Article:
Did social media just prematurely kill off the leader of North Korea?
Rumors that Kim Jong-un, the country’s supreme leader, has been assassinated just months after he took power originated on Chinese microblogging service Weibo and have now spread all over Twitter.
Others are reporting that Jong-un, believed to be 28 years old, may be on the run rather than dead, but both reports claim that some kind of coup is taking place.
One person on Weibo wrote (loose translation): "north korea's biggest leader kim jung un, this morning in beijing time 2:45 am, had his residence broken into and was assassinated by unidentified people, who were shot dead by his bodyguards in korea's embassy in beijing, vehicles are rapidly increasing in number, and have surpassed 30 of them, this sort of battle formation hasn't been seen in over two years. please verify this."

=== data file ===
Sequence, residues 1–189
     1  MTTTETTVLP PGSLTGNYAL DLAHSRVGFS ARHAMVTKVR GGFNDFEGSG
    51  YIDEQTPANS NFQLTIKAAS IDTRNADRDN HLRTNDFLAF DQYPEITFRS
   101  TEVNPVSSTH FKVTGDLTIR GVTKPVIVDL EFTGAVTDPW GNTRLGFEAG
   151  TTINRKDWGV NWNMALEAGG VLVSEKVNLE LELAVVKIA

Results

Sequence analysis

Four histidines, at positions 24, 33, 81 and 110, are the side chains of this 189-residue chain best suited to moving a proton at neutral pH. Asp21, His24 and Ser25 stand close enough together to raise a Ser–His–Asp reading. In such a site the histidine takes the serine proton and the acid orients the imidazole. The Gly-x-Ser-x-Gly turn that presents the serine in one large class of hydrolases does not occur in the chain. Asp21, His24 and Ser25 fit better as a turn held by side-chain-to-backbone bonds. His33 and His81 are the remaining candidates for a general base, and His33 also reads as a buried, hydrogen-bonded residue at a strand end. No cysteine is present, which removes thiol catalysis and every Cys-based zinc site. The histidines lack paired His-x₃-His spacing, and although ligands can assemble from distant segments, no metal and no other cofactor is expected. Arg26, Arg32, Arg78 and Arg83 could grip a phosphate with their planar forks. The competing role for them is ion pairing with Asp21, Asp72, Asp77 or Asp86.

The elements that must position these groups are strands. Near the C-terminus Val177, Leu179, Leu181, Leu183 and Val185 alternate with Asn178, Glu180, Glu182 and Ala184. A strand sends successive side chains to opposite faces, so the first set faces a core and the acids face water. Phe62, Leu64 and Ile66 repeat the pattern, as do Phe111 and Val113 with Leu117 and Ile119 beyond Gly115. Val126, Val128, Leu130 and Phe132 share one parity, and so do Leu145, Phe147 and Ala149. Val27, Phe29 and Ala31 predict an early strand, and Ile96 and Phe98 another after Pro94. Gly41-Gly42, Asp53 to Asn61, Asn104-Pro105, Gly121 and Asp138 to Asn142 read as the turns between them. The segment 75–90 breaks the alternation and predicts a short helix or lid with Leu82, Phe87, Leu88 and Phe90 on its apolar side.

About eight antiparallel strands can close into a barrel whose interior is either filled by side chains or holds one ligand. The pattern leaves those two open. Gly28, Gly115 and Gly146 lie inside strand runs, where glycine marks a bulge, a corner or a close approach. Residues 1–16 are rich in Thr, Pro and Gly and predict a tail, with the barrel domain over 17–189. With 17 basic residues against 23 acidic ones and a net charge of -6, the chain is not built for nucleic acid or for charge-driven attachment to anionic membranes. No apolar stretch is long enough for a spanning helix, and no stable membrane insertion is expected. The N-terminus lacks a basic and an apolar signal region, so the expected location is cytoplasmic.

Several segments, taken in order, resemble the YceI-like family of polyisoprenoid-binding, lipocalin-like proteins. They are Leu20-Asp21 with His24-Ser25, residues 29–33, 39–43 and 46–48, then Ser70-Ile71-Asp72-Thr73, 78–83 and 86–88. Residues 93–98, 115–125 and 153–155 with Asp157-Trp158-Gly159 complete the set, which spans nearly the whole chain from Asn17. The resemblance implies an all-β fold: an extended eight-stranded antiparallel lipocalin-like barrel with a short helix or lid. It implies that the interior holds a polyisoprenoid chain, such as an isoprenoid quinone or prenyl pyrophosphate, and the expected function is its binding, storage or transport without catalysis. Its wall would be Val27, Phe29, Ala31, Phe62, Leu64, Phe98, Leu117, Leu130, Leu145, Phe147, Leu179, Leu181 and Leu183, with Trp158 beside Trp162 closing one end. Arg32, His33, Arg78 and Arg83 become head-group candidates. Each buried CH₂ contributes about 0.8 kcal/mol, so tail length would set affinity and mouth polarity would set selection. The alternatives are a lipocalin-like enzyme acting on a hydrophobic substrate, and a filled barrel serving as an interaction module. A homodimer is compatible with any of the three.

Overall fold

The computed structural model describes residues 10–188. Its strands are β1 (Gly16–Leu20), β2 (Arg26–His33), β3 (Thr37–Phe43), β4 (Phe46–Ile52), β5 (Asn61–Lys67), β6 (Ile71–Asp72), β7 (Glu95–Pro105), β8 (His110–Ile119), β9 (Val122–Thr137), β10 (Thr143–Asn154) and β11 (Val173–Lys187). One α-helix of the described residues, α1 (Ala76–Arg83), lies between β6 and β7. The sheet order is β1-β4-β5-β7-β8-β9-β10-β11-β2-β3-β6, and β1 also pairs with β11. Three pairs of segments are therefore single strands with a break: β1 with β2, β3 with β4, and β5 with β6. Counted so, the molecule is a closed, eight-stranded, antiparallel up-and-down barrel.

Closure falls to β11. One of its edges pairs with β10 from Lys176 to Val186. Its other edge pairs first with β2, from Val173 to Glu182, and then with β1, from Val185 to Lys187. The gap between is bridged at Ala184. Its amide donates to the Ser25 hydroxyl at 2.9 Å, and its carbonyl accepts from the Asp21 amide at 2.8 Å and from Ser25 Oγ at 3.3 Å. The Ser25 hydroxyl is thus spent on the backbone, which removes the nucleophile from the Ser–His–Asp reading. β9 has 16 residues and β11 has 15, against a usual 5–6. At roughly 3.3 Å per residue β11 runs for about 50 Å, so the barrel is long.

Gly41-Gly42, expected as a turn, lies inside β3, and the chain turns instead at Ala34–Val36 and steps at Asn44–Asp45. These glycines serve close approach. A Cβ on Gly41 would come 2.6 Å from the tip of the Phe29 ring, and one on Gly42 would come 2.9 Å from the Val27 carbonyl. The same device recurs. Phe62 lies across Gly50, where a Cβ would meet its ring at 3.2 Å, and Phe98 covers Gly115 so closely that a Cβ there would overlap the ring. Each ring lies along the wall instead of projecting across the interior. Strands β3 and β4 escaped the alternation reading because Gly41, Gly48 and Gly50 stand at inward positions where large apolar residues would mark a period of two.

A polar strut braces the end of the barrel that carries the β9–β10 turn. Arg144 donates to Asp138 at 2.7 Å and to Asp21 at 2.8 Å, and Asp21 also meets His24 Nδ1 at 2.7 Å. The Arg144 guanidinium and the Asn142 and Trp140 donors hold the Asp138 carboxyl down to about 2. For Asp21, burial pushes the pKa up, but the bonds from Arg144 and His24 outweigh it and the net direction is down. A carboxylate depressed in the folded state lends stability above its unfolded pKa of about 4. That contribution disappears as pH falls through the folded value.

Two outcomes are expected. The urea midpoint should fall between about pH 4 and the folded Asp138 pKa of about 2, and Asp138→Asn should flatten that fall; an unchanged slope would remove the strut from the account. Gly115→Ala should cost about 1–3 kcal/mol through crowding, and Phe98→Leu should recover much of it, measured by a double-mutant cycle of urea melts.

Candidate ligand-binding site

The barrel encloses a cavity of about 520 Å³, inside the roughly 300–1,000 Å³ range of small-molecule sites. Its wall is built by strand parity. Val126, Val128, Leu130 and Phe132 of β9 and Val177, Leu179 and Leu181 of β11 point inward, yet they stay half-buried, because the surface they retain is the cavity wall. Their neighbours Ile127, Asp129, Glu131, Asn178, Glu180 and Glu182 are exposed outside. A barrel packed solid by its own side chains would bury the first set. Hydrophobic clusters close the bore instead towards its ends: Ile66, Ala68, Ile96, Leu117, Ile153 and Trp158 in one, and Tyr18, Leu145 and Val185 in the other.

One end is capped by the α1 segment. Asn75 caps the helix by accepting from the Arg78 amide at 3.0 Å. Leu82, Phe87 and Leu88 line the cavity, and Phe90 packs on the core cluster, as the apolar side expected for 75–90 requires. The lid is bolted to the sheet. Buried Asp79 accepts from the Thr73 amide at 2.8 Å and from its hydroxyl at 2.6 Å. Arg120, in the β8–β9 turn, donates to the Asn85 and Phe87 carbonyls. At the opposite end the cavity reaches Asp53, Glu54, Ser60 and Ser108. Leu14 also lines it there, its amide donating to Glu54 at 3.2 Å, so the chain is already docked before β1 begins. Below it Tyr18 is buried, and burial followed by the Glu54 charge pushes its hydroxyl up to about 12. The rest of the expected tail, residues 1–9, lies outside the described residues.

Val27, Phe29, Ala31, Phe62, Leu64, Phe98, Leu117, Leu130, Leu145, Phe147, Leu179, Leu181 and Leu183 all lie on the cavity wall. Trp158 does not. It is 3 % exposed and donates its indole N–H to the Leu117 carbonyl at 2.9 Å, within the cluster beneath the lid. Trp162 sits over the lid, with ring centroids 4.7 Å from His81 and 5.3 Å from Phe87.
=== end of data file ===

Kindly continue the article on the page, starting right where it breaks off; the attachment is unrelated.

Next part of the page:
The rumors remain unsubstantiated. However, the reports are beginning to attract a great deal of attention, especially now that a couple of American news outlets including the Atlantic Wire have reported on them.
Weibo is in many ways the Chinese equivalent of Twitter, and disseminates news at a rapid pace. People were tipped off that there was something happening that involved Jong-Un, who succeeded his late father Kim Jong-Il, because of the mass of cars parked outside of his resident.
For good reason, many Twitter users are exercising caution, aware that news like this can spread without much to sustain it.
A sample of the dubious tweeters:
“Wait for confirmation on Kim Jong Un death rumors. Twitter is also reporting that ‘Jonas Brothers are the best band,’” Matt Binder wrote.
“Rumors from Chinese twitter that Kim Jong Un assassinated this morning in Beijing. pretty unlikely,” Dan Bennett posted.
So did social media spread the news or cause unnecessary hysteria? We will update when the news develops.
Michelle Ong contributed to this report.